Remember how I said I like Bruichladdich? Well we have two expressions in a row for the blog this week from the same distillery and the same style. When the distillery produces three styles of whisky and I have two bottles open of the same style I wonder if my stock rotation procedures are really working for me?
This second edition of the 10 year old Bruichladdich was released in March 2016 with 18,000 bottles produced. It is a vatting of three types of barrels, first fill bourbon, sherry and French red wine with a bottling strength of a very healthy 50%ABV. If you bought the Bruichladdich MP4 set of small bottles a couple of years back you would have gotten 3 single cask bottles of the same types of casks which is used for the Classic Laddie expression and ultimately this recipe isn’t a million miles away just slightly older.
Bottles of these were around the £50-£60 market where a classic Laddie bottle will cost you around £40. Like I said the Classic is the same strength, similar recipe but some of the casks will be slightly younger.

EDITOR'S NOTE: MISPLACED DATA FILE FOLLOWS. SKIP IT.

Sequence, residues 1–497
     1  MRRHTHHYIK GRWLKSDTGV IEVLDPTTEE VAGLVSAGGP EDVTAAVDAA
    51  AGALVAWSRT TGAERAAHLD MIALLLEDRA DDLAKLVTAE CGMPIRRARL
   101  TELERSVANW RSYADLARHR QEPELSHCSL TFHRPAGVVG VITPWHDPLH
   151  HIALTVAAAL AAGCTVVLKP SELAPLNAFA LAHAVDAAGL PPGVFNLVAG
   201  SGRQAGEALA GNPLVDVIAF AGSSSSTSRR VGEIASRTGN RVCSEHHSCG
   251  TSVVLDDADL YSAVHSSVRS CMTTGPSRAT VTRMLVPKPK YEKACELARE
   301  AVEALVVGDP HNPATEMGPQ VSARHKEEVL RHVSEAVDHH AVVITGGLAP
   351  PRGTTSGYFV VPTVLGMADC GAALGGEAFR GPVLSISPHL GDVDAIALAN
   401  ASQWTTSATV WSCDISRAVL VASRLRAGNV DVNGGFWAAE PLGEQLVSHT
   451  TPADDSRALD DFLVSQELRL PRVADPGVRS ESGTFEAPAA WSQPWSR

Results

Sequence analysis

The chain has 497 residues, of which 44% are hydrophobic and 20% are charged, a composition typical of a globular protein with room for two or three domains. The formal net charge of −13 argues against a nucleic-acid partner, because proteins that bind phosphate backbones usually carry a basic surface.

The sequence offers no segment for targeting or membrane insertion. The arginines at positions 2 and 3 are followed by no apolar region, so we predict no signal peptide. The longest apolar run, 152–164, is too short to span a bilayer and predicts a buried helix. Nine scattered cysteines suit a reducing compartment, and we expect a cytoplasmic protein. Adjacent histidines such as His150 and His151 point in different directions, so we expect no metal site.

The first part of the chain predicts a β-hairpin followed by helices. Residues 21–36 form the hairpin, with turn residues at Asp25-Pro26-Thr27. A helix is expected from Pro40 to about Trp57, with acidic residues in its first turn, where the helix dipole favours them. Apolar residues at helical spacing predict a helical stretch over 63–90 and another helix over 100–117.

Colour – copper orange
Nose – Lots of fruity notes of tinned pears, appletizer and pink grapefruit. A darker note of slightly burnt caramel before a younger note of fresh pastries.
Palate – Usual Bruichladdich texture (you know what I am talking about). Some burnt toast, charred wood and some more pastries but this time with icing on them and milk chocolate bars. There is some dark fruit notes and red fruits in there as well.
Finish – A nice long peppery finish with some heat from chilli’s with just a final twist of bitterness at the end.
The three expressions of unpeated Bruichladdich I have made in the last couple of years has been the Classic, 8 Year old and 10 Year Old. I like them all and they are all recommended to buy and enjoy. The only thing I will say though is that they are awfully similar in there construction. You would have to be really on your game to know which is which in a 3 dram line up. Less so perhaps with the 8 year old which is definitely a grassier and earthier affair but most certainly with the other two.
With the Port Charlotte and Octomores there is a decent amount of variation in the flavours in each expression. For the moment at least this isn’t being replicated much in the unpeated lineup.
The above statements are made only in relation to the Bruichladdich’s most people can a) afford b) afford to open and c) drink without having to split the bottle many many ways.